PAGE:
Stomping through the bush I experienced the faintest of, all that I can describe as, chemical zaps and knew that I’d picked up another very unwelcome hitchhiker. Resisting the urge to scratch the affected area I ducked behind a convenient tree and inspected the site in question. Sure enough, in the centre of a red circular spot was the back end of a tick that was now upended, firmly attached and happily feeding on my blood. For any of us who spend time in the bush this is an all too familiar scenario as ticks are unfortunately a fact of life for those who enjoy or work in the outdoors. That said, how many of us have stopped to think about the pesky creature in question?
At the class level ticks are members of the eight-legged Arachnida along with their well-known spider and scorpion relatives and have been around for at least 300-400 million years. They are all parasitic blood suckers that undergo several moults, usually interspersed with blood feeds, before the final moult into a reproductive adult. At the family level, ticks are classified as either hard ticks (Ixodidae), which have a hardened scutum (middle part of the thorax) or soft ticks (Argasidae), which lack this feature. Female Ixodidae ticks lay a single large batch of eggs before dying, whilst female Argasidae lay several smaller batches of eggs.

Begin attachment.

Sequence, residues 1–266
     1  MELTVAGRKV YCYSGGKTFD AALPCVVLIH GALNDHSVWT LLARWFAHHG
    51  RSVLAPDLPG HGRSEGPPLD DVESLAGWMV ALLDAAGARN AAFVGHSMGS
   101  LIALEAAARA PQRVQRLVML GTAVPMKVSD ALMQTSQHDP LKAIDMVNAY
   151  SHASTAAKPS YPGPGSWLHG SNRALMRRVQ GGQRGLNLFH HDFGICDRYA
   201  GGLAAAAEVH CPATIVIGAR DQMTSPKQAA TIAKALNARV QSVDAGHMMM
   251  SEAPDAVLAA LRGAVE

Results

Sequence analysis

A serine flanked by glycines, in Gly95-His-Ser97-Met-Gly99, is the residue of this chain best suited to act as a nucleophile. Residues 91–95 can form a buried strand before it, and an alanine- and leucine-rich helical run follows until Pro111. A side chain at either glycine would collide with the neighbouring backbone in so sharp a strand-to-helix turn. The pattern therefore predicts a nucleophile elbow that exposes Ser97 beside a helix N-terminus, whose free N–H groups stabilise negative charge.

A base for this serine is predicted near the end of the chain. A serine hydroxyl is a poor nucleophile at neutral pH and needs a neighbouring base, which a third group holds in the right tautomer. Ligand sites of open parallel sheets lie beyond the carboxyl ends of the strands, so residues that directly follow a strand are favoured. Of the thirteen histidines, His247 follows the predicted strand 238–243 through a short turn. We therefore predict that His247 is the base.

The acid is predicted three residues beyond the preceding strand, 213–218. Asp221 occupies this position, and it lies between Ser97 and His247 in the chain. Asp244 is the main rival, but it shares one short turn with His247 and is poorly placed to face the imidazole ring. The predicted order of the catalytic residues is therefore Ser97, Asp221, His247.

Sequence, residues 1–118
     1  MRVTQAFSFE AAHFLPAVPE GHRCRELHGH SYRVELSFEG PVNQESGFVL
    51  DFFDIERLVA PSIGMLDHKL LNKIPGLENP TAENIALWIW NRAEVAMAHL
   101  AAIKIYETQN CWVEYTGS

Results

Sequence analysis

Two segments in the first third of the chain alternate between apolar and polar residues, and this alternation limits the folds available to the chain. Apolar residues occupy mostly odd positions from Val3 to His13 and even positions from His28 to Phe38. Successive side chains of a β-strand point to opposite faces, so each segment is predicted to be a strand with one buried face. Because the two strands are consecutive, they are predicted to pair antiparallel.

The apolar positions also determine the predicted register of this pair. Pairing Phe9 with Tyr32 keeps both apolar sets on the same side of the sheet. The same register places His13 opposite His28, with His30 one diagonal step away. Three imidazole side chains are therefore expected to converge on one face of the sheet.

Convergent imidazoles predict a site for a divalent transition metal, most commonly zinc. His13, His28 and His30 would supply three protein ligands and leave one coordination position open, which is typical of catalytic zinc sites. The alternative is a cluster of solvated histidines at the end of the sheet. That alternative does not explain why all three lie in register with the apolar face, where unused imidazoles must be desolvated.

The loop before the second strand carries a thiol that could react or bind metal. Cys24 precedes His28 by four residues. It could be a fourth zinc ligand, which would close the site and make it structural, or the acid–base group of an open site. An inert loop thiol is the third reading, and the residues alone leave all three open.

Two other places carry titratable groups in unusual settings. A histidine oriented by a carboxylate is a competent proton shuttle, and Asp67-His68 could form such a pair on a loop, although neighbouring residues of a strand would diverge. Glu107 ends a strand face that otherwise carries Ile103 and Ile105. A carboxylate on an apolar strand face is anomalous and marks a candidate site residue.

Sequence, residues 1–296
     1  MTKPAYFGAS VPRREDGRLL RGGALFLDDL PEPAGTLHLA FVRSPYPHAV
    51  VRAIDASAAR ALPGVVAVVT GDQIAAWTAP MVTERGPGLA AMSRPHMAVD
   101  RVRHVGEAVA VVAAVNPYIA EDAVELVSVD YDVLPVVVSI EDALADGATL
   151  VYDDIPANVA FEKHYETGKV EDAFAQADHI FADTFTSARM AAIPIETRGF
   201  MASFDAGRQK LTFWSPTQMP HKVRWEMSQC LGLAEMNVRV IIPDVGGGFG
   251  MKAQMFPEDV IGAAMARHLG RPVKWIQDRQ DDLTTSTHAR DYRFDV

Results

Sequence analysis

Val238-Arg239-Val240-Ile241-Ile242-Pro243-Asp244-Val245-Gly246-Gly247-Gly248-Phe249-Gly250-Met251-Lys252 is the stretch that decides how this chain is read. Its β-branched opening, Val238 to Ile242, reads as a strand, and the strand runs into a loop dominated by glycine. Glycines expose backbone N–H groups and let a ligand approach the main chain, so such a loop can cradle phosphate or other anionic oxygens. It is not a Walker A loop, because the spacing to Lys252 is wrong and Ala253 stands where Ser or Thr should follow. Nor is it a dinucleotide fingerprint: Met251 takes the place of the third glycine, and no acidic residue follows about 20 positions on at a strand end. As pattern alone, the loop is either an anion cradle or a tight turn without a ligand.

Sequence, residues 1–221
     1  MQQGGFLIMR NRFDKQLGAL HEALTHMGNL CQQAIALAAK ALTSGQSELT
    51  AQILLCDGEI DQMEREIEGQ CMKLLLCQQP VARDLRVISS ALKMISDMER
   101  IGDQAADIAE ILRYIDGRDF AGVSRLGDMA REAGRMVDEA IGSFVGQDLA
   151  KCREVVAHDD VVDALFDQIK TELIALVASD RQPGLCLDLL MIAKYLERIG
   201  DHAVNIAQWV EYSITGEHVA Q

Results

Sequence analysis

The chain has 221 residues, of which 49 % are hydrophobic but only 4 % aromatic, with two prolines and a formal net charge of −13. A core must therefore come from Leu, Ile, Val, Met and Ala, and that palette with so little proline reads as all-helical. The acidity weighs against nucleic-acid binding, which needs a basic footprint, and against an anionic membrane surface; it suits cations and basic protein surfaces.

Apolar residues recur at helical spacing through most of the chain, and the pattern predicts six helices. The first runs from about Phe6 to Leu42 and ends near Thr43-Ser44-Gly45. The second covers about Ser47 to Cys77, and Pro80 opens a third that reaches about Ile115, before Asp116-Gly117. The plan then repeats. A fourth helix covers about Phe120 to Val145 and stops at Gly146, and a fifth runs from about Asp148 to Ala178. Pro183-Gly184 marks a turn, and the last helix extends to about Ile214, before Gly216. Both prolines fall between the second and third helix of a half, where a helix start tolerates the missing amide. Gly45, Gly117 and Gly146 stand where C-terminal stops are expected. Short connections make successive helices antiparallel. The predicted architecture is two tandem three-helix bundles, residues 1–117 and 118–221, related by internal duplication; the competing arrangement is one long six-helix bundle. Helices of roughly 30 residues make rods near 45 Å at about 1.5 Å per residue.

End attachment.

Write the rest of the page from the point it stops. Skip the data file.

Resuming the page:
Most ticks have three discrete hosts as part of their lifecycle. These hosts do not need to be the same species. This three-host lifecycle sees a hatched larva attach to a host, feed, then drop off. It then moults to become a nymph which again requires a host to feed on before dropping off. The nymph then again moults and emerges as an adult that again requires a new host on which to feed and mate. The blood engorged fertilised females drop off the final host and lay their eggs before dying.